This group hereby pledges to support the Contemporary Fiction Seminars in all the interesting work they will produce and inspire. For further info please see the events page for upcoming seminars; or contact Tony Venezia or Zara Dinnen.
Jan 25, 2011
Fran Bigman is now a member of Dandelion Network
Jan 25, 2011

Profile Information

Institutional affiliation
Research interests
Abortion and reproduction in literature & film, dystopia, representations of Japan

Comment Wall (11 comments)

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At 10:50 on May 4, 2012, Adrian Joyce said…

Thanks. From that description, it sounds like she's involved in making sure that software they develop doesn't break.

I'm not a fan of literary prizes of any sort, but in case you missed the coverage, the winner of this year's Clarke award might provide some good material for you:


At 22:41 on May 1, 2012, Adrian Joyce said…

Hullo. Sorry for the delayed response - I've been busy stressing out about an interview earlier this evening. It's been a few years since I read either 'The Carhullan Army' or 'Never Let Me Go', but can maybe dredge up enough about them to participate tomorrow. I'll attempt the Bowlby article on the train, although the amount that goes in will be inversely proportional to the amount of teenage noise and antics from my fellow passengers...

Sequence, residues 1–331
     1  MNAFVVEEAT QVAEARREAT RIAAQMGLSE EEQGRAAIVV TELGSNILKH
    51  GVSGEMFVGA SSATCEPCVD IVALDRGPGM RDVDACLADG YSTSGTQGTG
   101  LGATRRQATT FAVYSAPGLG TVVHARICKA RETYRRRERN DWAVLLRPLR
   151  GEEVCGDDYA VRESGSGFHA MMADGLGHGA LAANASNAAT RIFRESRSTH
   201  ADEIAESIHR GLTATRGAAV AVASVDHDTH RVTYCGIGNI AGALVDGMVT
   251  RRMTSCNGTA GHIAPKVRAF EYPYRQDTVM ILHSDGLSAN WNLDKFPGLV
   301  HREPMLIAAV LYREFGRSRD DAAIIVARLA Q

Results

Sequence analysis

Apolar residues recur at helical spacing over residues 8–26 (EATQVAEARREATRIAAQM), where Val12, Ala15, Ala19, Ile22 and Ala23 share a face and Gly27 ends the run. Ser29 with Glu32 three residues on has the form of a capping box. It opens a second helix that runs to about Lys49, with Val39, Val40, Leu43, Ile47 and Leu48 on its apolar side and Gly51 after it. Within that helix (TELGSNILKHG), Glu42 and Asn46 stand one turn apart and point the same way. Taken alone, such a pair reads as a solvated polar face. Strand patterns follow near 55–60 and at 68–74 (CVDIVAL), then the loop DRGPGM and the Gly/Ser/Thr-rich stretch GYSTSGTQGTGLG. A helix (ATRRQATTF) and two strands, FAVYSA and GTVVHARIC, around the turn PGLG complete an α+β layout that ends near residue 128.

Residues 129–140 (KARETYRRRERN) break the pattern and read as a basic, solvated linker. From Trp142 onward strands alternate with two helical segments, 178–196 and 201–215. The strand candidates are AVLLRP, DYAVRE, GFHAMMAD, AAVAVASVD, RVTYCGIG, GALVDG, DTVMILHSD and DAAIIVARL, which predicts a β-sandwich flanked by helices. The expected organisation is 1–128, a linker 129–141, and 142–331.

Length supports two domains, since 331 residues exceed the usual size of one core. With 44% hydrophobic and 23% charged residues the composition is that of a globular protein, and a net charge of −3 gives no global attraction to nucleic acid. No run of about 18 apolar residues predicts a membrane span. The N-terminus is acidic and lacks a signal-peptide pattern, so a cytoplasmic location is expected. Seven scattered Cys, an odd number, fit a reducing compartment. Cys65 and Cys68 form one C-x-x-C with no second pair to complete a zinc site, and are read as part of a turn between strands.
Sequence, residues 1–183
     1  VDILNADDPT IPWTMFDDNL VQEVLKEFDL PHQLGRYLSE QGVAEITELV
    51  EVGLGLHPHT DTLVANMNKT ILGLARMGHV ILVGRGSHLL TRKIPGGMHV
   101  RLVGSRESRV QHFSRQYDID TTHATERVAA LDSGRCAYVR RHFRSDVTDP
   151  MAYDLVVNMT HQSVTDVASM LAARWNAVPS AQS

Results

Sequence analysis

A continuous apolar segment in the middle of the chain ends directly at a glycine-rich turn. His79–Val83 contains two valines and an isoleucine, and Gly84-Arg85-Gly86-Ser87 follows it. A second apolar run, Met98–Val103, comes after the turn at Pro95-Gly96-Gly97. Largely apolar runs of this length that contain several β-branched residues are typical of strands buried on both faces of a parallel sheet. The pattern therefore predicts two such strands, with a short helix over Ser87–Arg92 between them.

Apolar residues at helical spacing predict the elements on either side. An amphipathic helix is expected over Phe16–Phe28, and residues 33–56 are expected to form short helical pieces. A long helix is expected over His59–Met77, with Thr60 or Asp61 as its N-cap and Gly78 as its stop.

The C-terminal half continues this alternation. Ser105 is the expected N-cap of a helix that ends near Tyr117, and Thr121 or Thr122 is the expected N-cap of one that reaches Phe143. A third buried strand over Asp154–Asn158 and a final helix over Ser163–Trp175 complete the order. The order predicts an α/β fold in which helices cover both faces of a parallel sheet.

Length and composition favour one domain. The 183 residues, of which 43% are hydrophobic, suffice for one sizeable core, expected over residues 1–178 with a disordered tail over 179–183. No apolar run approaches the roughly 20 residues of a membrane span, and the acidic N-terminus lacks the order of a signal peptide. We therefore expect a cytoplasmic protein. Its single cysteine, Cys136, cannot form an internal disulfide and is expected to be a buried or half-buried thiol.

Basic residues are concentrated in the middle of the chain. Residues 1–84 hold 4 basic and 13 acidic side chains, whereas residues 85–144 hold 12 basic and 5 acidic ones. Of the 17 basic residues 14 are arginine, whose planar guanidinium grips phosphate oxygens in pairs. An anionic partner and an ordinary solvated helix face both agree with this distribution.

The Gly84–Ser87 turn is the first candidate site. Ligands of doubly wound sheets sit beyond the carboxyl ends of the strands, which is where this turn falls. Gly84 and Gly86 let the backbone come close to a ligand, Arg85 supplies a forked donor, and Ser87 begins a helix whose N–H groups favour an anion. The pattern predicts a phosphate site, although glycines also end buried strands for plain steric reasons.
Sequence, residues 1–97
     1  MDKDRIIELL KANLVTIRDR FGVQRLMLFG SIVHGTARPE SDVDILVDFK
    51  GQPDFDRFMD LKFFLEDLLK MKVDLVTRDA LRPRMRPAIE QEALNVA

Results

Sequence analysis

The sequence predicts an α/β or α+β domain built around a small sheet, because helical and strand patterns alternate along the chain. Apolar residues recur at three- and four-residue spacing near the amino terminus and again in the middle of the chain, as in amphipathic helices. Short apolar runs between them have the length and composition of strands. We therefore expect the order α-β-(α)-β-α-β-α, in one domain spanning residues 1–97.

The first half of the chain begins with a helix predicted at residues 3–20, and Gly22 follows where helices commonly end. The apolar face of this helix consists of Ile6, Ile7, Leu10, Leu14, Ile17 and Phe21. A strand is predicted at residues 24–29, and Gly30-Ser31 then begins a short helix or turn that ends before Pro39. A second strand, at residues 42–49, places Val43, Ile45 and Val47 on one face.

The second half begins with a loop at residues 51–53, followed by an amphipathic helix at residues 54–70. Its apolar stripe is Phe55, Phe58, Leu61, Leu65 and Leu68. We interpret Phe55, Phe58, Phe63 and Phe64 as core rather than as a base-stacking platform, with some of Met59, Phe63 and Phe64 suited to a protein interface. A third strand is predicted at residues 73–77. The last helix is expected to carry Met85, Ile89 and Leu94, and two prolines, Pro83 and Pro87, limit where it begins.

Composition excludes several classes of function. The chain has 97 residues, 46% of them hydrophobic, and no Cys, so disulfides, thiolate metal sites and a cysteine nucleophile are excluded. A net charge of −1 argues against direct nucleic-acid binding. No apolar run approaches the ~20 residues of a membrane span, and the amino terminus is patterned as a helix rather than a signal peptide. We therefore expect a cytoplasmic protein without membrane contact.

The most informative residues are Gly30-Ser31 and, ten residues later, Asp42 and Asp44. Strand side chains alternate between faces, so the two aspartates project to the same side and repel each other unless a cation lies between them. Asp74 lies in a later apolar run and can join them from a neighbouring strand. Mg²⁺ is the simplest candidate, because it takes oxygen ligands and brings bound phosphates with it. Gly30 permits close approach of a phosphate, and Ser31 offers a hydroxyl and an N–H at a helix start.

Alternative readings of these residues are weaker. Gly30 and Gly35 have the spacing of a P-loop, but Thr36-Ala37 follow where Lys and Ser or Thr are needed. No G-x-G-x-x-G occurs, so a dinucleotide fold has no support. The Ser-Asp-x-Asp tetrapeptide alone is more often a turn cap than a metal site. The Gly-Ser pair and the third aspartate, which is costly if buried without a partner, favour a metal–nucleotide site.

At 12:01 on February 23, 2012, Adrian Joyce said…

The Road (which is why I know it well enough to get into arguments about bunker nutrition), Will Self's The Book of Dave and Ballard's Kingdom Come. I hate Kingdom Come and got a little mired in slagging it off - Lionel Shriver wrote quite an amusing review where she suggests that novels trying to satirise consumerism generally work better when they don't include the word 'consumerism' at least three times on every page. The Carhullan Army would have been a much better choice, but for some reason I'd fixated on the 2006 thing and couldn't let it go. What's the wacky 1927 dystopia?

At 15:43 on February 18, 2012, Adrian Joyce said…

One of my MA essays was on three dystopian novels from 2006, but it was for the contemporary fiction strand of a creative writing degree and had to be very short so I managed to sidestep all that critical circularity too. I started looking at it again when I was putting together a PhD proposal but decided it was all madness - shape sorting really isn't fun unless you are a toddler!